Panic seems to have gripped security forces in Bengal’s Maoist-affected West Midnapore district a day after ultras killed 76 CRPF men in faraway Dantewada on Tuesday.
On a scorching Wednesday afternoon a CoBRA (Commando Battalion for Resolute Action) officer stationed in Belpahari, 165 km west of Kolkata, told an HT team to go away and not ask any questions.
“Do not stop even for a moment. You know what the situation is like. This is not the time to talk to you people,” he said. Wearing dark glasses and a bulletproof vest over a red T-shirt, the officer did not even look at the HT team. He was looking straight ahead as he led a team of about 30 Central Reserve Police Force (CRPF) personnel and 15 CoBRA men. All the men were carrying AK-47 assault rifles and were on high alert, reluctant to entertain anybody who would even slow down before them.
The officer was leading a team of about 30 Central Reserve Police Force (CRPF) personnel and 15 CoBRA men.
All the men were carrying AK-47 assault rifles and were on high alert, reluctant to entertain anybody who would even slow down before them.
The Belpahari police station is a similar picture of caution, if not panic. Its main door was locked. There was only a small door through which someone could slip in.
“Who are you?” called out an armed guard as the HT team alighted from the car.
After getting a nod from the officer-in-charge he held up two fingers, indicating that only two persons could enter.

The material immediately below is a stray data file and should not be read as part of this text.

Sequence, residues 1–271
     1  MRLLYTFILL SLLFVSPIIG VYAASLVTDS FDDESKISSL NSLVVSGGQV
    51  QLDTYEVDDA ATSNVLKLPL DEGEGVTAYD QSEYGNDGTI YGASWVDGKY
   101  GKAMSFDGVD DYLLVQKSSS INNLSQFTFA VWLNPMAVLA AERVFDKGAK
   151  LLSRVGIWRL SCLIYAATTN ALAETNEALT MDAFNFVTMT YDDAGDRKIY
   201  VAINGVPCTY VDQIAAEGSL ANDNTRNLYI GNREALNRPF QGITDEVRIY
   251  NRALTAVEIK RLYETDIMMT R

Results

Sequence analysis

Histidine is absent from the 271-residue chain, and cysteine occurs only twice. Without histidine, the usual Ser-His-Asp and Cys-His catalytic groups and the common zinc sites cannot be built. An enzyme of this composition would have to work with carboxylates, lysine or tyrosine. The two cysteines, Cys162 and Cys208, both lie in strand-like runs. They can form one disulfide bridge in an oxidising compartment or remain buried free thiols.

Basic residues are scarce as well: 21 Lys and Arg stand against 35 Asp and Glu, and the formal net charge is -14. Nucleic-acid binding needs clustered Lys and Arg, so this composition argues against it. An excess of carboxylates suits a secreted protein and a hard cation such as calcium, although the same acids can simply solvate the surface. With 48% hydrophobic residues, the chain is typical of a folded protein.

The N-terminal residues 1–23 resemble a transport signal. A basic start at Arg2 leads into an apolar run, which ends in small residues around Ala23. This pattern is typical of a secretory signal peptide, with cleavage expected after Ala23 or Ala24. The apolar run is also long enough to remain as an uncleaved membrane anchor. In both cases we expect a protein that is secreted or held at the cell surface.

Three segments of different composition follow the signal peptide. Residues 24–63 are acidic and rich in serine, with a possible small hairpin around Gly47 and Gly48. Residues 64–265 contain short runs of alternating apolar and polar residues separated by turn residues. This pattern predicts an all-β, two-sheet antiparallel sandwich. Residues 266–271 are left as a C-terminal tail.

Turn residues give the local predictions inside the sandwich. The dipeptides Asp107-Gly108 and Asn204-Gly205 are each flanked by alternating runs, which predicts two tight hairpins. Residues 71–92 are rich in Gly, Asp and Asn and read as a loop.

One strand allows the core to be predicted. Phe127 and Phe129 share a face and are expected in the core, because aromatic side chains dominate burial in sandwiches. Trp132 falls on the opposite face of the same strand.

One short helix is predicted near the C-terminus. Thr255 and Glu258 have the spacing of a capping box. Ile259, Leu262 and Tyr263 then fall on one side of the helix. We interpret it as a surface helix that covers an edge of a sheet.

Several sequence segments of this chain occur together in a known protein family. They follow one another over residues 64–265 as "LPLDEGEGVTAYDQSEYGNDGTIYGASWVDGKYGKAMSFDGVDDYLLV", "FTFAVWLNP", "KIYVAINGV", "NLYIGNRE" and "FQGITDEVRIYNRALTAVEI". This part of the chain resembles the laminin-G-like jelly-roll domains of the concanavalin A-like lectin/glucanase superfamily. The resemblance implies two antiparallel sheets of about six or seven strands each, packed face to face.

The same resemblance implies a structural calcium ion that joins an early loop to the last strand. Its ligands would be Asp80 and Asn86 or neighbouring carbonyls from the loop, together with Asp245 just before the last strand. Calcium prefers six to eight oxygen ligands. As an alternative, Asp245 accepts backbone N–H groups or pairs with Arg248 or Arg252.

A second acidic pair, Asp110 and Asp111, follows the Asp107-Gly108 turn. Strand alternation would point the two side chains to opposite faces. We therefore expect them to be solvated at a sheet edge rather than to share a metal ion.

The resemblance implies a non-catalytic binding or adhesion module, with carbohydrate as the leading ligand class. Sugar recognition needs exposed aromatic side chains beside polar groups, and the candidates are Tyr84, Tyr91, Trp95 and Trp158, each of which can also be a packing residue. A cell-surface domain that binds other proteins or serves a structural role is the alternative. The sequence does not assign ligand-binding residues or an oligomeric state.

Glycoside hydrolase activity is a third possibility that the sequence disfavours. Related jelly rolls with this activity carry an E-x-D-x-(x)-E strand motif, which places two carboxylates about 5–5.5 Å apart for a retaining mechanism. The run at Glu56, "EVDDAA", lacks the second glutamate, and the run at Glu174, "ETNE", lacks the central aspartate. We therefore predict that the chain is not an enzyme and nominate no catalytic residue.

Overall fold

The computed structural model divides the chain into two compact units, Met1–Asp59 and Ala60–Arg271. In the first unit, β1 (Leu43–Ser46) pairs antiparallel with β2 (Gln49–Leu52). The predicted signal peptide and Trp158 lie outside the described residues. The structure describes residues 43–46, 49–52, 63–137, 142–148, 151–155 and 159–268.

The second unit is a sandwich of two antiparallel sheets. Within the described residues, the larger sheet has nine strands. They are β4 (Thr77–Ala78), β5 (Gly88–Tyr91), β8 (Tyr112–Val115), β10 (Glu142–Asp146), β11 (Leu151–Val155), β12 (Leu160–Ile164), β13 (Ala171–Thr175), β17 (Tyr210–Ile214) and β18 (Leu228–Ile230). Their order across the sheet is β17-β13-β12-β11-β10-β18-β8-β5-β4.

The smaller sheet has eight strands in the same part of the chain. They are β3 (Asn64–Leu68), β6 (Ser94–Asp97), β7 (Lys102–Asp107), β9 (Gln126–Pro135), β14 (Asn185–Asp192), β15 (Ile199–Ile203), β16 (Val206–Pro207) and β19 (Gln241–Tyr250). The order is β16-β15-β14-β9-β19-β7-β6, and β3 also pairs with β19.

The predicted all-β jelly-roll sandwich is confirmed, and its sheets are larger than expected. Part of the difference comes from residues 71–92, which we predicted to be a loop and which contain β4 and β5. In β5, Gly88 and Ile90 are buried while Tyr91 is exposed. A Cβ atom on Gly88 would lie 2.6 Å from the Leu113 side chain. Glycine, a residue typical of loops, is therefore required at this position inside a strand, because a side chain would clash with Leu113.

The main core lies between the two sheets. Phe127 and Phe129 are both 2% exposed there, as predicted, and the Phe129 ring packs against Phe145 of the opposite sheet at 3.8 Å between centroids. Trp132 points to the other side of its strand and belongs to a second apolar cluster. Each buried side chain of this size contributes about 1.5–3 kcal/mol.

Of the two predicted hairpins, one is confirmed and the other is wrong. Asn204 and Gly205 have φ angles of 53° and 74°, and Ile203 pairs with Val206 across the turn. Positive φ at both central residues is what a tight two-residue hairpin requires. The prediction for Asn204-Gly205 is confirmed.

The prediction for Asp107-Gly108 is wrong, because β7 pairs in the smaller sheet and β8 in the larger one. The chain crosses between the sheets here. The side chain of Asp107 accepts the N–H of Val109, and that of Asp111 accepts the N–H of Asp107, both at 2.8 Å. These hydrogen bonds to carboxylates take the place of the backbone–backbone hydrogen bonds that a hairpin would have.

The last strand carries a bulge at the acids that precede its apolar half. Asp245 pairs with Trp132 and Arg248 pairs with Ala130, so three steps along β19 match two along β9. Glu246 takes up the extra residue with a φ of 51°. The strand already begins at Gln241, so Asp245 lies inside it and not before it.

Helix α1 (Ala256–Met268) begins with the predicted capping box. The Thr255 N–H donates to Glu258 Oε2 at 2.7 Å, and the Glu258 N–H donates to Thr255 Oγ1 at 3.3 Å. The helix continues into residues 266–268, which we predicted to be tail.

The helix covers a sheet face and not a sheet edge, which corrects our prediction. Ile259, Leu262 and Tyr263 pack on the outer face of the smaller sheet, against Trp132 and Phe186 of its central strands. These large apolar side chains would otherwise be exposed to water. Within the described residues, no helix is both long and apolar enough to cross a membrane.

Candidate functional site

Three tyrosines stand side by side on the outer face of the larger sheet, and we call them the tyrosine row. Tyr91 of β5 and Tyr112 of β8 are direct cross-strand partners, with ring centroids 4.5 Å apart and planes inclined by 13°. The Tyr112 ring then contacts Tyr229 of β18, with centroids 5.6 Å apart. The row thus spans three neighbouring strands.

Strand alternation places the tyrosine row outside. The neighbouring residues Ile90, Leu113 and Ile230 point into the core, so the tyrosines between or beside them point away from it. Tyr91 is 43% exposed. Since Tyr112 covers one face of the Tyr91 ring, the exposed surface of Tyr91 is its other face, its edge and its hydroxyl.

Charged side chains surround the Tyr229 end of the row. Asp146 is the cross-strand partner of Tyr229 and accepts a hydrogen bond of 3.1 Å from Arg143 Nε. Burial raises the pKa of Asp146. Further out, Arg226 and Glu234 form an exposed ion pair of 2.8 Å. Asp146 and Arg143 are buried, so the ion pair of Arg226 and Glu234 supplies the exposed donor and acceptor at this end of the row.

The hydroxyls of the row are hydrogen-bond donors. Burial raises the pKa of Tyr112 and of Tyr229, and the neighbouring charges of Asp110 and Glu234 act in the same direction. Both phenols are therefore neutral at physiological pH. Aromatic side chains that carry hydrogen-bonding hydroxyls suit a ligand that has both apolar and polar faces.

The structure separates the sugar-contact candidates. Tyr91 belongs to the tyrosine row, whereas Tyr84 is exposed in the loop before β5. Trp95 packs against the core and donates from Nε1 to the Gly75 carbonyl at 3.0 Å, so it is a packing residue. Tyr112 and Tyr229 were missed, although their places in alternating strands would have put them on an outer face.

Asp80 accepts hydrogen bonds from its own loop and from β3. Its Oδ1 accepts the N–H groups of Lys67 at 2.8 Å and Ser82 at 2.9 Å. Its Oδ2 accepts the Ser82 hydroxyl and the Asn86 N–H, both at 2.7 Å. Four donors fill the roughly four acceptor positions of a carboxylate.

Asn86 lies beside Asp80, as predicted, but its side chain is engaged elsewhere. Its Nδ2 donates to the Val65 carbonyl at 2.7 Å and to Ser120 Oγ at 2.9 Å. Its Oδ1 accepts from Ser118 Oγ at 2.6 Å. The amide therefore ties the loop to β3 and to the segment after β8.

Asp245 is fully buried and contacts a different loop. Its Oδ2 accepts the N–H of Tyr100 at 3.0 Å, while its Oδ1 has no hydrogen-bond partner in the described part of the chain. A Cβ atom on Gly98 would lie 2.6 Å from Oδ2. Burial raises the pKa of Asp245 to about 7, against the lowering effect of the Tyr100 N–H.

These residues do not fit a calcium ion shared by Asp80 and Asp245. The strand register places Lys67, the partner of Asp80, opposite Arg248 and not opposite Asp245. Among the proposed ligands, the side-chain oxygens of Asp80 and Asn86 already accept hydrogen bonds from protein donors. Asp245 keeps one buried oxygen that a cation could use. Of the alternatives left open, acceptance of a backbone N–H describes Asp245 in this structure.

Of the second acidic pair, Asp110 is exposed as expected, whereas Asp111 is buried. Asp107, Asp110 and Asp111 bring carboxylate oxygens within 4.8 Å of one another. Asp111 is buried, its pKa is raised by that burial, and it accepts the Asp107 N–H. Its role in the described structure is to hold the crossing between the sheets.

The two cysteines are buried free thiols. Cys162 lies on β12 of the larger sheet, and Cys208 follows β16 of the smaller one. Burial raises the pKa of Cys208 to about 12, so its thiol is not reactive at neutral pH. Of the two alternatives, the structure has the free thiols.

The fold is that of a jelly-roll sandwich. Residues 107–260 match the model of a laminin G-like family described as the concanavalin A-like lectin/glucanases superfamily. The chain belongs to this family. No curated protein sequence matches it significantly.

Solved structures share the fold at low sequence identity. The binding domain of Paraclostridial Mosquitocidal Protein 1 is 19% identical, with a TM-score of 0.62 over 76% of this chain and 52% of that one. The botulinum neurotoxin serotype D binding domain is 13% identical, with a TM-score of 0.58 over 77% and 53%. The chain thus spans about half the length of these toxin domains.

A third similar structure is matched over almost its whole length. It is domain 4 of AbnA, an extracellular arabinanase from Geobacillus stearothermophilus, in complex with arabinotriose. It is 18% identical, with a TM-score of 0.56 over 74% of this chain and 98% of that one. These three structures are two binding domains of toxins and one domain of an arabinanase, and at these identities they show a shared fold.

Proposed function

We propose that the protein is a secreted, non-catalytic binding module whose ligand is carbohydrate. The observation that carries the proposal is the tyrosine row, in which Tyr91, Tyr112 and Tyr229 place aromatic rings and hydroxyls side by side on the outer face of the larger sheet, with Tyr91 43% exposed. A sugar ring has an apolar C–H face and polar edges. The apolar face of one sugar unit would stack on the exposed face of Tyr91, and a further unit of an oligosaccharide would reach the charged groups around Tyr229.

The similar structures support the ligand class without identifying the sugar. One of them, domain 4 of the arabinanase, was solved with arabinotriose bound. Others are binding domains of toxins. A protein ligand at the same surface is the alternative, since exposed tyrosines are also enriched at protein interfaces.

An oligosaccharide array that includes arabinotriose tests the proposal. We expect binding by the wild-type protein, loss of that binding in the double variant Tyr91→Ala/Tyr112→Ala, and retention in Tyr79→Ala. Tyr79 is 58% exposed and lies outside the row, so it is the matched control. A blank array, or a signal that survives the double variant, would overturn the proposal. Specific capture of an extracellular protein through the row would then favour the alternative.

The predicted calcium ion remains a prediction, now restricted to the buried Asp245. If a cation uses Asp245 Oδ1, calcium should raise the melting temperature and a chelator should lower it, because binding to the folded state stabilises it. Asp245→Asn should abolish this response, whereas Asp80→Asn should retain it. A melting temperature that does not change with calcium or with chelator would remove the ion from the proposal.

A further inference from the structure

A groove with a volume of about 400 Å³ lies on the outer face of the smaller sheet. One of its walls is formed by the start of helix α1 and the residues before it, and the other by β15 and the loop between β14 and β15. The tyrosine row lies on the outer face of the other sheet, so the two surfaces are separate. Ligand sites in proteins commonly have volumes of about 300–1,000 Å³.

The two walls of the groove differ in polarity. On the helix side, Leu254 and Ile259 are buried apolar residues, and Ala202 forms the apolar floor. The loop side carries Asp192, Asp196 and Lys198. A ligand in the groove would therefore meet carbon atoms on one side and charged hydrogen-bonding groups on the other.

Apart from the guard, three securitymen with self-loading rifles were positioned in the corridor of the police station.
The same heightened caution was visible at the CRPF camp in Khottadhora — 8 km from Belpahari town.
As the HT vehicle stopped near the camp, at least 15 jawans were seen slowly putting their fingers on the triggers of their automatic rifles.
“An unfortunate incident took place yesterday in Chhattisgarh. You cannot come in and we cannot come out to talk to you. You better leave,” the commanding officer said.
On the outskirts of Silda town (15 km from Belpahari), where 24 Eastern Frontier Rifles troopers were massacred by Maoists on February 15, Indian Reserve Battalion (central paramilitary force) jawans were harsher.
“How dare you to keep the car here? Don’t you know what the present situation is like? Leave this place at once,” shouted a voice from the camp.
The man behind the voice didn’t come out.